So far, all the Hawkins’ who have lived in Brookhaven Hamlet have been found to have descended from Zachariah Hawkins. Zachariah was born in Massachusetts about 1639 and came to Setauket, Long Island, sometime before 1663.
My record of the Hawkins’ in the Hamlet People database came almost exclusively from two works published by the Hawkins Association:
Ralph Clymer Hawkins. A Hawkins Genealogy, 1635 – 1939: Record of the the Descendents of Robert Hawkins of Charlestown, Massachusetts. The Hawkins Association. Originally printed in 1939; reprinted Baltimore 1987.
Susan H. Carmiencke and Bayard C. Carmiencke, compilers. A Hawkins Genealogy Supplement, Vol. II: Record of the Descendants of Robert Hawkins of Charlestown, Massachusetts. The Hawkins Association. 2001.
These publications are available from The Hawkins Association, PO Box 2392, Setauket, NY 11733. (1939 Edition reprint, $45.00 plus $5.00 postage. Volume II, $50.00 plus $5.00 postage). They also are available at several Libraries in Suffolk County.
Before I had access to these reference works, some of the records were obtained from internet sources. My suspicion is that almost all of these internet sources originally derived from the Hawkins Association references. As time permits, I will be returning to some of the original entries and changing the references where appropriate.
Because the family line is so well documented, and intertwines with so many of the other families of the Hamlet, these genealogy references are a major source of information in the Hamlet People database — not only just the Hawkins’.
Content Revised: 09/03/2012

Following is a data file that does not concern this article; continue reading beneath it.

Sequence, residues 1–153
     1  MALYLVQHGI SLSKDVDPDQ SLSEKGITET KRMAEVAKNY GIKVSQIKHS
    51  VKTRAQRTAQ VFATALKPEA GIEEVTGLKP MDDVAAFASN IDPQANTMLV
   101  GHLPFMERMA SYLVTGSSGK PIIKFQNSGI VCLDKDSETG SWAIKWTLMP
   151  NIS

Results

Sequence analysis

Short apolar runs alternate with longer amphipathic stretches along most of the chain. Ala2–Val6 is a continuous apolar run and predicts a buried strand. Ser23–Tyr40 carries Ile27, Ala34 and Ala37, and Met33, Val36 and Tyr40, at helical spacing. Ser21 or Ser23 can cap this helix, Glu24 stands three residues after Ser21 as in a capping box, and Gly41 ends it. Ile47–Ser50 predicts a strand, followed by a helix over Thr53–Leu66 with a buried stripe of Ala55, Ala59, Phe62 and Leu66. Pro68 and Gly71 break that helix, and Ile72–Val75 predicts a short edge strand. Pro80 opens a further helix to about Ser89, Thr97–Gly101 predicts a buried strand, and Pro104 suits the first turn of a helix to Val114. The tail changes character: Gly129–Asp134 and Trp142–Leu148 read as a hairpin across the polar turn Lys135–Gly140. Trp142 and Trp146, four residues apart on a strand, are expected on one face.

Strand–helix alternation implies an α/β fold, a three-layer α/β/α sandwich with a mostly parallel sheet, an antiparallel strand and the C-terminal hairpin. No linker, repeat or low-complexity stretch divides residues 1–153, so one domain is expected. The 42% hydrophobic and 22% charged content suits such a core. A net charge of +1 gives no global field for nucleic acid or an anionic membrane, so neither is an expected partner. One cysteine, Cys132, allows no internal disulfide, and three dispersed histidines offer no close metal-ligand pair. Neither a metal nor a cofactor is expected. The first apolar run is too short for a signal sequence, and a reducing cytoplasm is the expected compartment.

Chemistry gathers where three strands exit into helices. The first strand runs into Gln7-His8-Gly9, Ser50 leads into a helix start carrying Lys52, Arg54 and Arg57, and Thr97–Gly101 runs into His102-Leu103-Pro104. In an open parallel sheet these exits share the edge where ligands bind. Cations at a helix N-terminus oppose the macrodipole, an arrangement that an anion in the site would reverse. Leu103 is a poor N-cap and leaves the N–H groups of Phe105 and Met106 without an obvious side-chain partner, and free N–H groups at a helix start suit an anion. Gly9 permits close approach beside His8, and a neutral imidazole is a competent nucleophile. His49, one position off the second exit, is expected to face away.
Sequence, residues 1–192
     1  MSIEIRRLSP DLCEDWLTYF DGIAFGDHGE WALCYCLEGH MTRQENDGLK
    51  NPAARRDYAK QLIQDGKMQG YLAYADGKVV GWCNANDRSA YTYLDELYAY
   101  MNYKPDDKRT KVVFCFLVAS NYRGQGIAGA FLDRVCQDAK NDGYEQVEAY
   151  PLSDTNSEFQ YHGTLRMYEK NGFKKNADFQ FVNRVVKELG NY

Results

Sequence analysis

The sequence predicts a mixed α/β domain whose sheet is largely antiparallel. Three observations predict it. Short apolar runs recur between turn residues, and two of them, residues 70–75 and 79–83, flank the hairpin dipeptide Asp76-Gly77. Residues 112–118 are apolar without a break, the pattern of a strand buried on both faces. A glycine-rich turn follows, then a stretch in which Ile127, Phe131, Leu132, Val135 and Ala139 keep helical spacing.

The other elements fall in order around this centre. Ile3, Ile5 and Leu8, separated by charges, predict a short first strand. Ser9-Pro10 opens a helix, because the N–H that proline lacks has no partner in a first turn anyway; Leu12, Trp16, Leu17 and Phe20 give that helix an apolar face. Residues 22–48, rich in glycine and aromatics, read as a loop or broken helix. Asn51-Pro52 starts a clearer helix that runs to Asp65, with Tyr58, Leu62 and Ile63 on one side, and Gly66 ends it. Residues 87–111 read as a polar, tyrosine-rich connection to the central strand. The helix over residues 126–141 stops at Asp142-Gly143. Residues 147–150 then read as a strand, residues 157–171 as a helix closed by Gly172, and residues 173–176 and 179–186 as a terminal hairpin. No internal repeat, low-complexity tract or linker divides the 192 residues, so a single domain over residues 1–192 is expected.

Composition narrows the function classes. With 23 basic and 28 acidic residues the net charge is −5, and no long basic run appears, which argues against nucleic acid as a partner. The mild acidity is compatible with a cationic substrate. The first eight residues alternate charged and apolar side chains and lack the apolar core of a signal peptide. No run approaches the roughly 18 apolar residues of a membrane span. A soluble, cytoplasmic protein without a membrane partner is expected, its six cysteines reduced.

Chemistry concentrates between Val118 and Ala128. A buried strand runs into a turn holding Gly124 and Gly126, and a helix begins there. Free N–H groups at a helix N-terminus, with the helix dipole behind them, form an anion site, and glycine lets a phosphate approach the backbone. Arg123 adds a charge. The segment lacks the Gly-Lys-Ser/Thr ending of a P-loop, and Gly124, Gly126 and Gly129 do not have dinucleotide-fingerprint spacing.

Swezey, Sweezey, Swasey, and more
All of these surnames are variations used by members of the same family lineage — descendants of John Swasey who came to this country around 1630. I tend to use the variant Swezey for local families, as this is what most of them seem to have settled on — at least in modern times. However, for ancestors, I mostly use the variant used by the researcher from whom I’ve gotten the information — and that’s mostly Robert Sweezey (see next) — unless I know that the family used/uses something else. If you are looking for a particular individual, try the other variants.
This family was prolific and is intertwined with many of the families in the Hamlet People (as well as much of eastern Long Island.) I am not in a position to do much original research on this family, and rely for most of my information on Robert Sweezey at Sweezey.net. He appears to be a careful researcher. In my source notes, I give the specific page in his large database for each individual I referenced. He provides copious notes on the results of his own research, and is especially thorough in pointing out ambiguities. I have no intention of entering his full trees, restricting my entries mostly to direct descendants and ancestors of those who have lived in the Hamlet. Since he regularly updates his information, it will certainly be more up-to-date than what is found on this site.
Content revised: 03 September 2012